What does it take to bring convincing gore to the stage?Albi Rix with permission for Varsity

So, you’ve decided to put on a naturalistic production of Titus Andronicus (in this hypothetical you’re a psycho). That’s only nine killings to stage, plus some cannibalisation and mutation, or as one scholar succinctly observed, 5.2 atrocities per act. No big deal. There’s only one problem: you’ve never worked with fake blood. It can’t be that hard, right? Well, if you ask the theatre-makers of Cambridge who have worked with the stuff, you’d find out there’s more to it than you might think.

“In this game, you have to be prepared to go the extra mile”

Central to good fake blood is the recipe, and finding the perfect mix requires some creativity and patience. Seasoned blood technician Maisie Johnson told me, with slightly unnerving nostalgia, about how she “got a big tub and sat in the middle of [her] carpet”, spending “hours covered in flour and food colouring and oil and all sorts” as a fresher stage-managing Nadia Lines’ The York Crucifixion. She is a modern-day Goldilocks, looking for the blood porridge that is just right. No one blood fits all however, and suiting viscosity to the demands of the show is crucial, so be ready to experiment. While Nadia said that a thicker oil-based blood worked well for the dramatic scenes of Crucifixion, for a base mix Maisie recommends food colouring combined with unscented and uncoloured shampoo, the logic being that it is easier to clear up something that is designed for the very act of cleaning up. Clever. You just have to be careful with this concoction; it’s safe, but it’s not particularly pleasant to burst a bagful of it into your eyes, as she found out while testing on herself for the eye-gouging scene in this Lent term’s production of King Lear. The final solution was chunky applesauce dyed red – yummy.

“Central to good fake blood is the recipe”

Now, staining has long been public enemy no.1 of those in the fake blood world. It’s safe to say that some of the red leather seats in the Union chamber were slightly richer in hue once Lear was finished with them. That’s after the show was pushed over budget by having to buy every pack of Mainsbury’s baby wipes multiple times, according to producer Luke Morris. With rehearsals, tech, and dress runs, and a full set of performances to clear up, you better be prepared to get scrubbing. Good luck with any white clothing: director Maddy Sanderson remembers giving up trying to clean the white costumes of her show My Eyes are Not Scabs every night; by the final performance, the “originally white t-shirts had a distinct reddy/pinkish tint”. And it’s not just the costumes (and seats and ceilings and floors) you’ll have to deal with, but yourself too. Maisie showed off her fingers to me, well cleaned, but nails still the stylish red of caked food colouring. If it’s any consolation, after every show life will come to imitate art, as Oscar Wilde foretold. Out, damn spot!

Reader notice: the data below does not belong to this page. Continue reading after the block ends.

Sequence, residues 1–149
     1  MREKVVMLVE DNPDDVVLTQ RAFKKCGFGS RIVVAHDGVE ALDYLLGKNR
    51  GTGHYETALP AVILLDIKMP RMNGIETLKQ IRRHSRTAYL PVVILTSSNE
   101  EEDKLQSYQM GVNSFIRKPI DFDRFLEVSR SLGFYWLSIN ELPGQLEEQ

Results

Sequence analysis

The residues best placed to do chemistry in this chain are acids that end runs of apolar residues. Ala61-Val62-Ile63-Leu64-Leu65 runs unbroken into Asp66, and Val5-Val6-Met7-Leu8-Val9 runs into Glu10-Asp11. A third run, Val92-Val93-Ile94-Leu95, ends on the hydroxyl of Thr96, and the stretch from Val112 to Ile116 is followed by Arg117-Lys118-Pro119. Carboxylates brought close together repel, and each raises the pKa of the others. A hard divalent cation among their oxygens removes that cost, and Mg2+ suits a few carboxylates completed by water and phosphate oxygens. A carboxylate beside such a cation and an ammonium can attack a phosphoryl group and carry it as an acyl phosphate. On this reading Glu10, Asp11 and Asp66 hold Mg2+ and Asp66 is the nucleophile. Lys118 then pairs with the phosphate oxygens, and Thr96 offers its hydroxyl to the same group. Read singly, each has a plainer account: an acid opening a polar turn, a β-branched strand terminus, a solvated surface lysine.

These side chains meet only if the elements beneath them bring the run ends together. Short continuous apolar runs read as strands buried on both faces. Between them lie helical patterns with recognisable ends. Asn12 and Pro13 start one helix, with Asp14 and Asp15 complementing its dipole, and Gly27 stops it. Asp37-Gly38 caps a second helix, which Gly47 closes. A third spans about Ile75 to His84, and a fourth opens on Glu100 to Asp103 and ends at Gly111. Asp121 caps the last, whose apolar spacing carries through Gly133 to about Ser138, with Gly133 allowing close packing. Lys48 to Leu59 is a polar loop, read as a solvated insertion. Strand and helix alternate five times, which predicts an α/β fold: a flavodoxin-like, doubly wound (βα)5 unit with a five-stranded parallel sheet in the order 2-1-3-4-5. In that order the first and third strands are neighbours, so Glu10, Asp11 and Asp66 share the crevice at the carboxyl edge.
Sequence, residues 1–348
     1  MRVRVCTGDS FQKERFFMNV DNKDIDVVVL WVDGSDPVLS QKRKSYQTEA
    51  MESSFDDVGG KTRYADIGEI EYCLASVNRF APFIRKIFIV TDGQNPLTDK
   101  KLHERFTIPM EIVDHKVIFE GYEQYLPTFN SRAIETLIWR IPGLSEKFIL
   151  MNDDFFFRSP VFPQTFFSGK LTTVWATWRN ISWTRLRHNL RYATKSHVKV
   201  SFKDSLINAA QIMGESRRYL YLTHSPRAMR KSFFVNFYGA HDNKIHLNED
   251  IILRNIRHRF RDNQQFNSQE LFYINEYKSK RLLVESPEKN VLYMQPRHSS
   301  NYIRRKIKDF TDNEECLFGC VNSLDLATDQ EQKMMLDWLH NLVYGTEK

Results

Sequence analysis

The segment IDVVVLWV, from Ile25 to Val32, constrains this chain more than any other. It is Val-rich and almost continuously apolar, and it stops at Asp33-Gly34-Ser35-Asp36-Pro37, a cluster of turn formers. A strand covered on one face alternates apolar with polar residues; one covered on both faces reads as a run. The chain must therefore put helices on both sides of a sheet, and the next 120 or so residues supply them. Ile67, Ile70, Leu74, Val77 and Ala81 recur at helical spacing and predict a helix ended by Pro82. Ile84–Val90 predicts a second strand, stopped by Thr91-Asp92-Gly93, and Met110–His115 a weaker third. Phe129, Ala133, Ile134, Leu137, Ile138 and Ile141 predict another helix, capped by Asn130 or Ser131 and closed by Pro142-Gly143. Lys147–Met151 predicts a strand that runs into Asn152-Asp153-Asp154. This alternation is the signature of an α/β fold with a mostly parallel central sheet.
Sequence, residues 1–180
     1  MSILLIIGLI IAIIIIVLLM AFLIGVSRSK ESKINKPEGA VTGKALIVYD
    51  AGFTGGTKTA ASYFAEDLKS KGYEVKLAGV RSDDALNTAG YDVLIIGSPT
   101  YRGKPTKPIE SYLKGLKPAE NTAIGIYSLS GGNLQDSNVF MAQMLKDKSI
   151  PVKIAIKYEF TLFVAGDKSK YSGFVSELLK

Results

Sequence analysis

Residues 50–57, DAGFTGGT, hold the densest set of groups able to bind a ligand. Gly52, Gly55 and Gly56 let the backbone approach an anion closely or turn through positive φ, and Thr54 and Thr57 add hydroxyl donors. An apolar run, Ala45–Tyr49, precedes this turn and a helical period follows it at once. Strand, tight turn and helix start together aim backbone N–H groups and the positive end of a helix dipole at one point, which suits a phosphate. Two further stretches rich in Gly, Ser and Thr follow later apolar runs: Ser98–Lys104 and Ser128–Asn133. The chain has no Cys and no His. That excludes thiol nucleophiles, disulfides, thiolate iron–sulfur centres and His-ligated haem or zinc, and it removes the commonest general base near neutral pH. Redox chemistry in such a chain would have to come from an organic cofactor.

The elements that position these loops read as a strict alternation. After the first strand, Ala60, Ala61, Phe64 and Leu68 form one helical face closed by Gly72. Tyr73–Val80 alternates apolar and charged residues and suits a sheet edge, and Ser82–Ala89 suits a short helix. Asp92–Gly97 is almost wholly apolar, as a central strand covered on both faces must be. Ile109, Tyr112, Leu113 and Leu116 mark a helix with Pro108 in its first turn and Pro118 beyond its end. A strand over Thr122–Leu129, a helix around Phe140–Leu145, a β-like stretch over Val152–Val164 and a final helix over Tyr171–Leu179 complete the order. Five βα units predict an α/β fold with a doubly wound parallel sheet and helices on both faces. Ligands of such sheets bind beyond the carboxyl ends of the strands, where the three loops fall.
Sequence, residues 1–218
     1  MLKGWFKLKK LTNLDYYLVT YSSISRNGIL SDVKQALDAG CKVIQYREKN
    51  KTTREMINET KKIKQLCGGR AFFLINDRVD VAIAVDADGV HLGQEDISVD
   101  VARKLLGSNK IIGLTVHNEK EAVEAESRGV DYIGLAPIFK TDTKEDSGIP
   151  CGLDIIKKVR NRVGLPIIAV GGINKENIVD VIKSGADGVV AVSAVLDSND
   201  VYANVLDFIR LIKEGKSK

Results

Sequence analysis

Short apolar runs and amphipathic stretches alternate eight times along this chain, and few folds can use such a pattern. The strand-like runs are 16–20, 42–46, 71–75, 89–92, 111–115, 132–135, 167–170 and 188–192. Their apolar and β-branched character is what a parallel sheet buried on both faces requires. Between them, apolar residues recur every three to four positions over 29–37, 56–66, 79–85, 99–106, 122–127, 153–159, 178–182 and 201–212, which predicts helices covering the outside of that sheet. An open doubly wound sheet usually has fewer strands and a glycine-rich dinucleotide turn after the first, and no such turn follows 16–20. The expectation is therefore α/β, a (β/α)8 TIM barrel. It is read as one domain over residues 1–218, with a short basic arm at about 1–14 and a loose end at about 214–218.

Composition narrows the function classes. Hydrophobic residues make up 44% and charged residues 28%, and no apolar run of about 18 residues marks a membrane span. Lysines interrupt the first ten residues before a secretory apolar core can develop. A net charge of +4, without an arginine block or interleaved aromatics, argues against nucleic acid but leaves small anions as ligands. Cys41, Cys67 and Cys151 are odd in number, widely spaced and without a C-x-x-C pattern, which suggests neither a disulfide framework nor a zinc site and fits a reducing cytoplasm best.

“It’s safe but not particularly pleasant to burst a bagful of it into your eyes”

Sometimes, just blood won’t be enough. In this game, you have to be prepared to go the extra mile. Indeed, with Titus Andronicus’s handful of hands full with other people’s hands (recently divorced from their full bodies) you’re going to need much more than some dyed shampoo. Perhaps inspiration can be found in the 2022 production of Sarah Kane’s Phaedra’s Love. Having been talked down from visiting an abattoir, director Ralph Jeffreys said he instead brought to life the ripping apart of Hippolytus at the end of the show via some dyed intestinal sausage casings, with a friend “channel[ling] all his rage into slamming them into a Sainsbury’s disposal barbecue in front of a surprised audience”. Jake Burke, who played Hippolytus during his first term at Cambridge, summed up having to store the intestines in his gyp kitchen after all five performances as “not ideal”. Arguably not the best impression only a week after freshers, but we make sacrifices in the name of the art of blood and guts.


Mountain View

Why you should go to the audition

Not everyone has what it takes for the cut-throat – pun intended – world of fake blood, and with Titus Andronicus, you’re in for a baptism of fire. However, just maybe, after a few weeks of red shampoo, vigorous floor scrubbing, biological hazards, and some bloodbath performances of “one of the stupidest and most uninspiring plays ever written” (according to T. S. Eliot), you might have caught the blood bug, and be ready to join the elite world of Cambridge’s fake blood aficionados.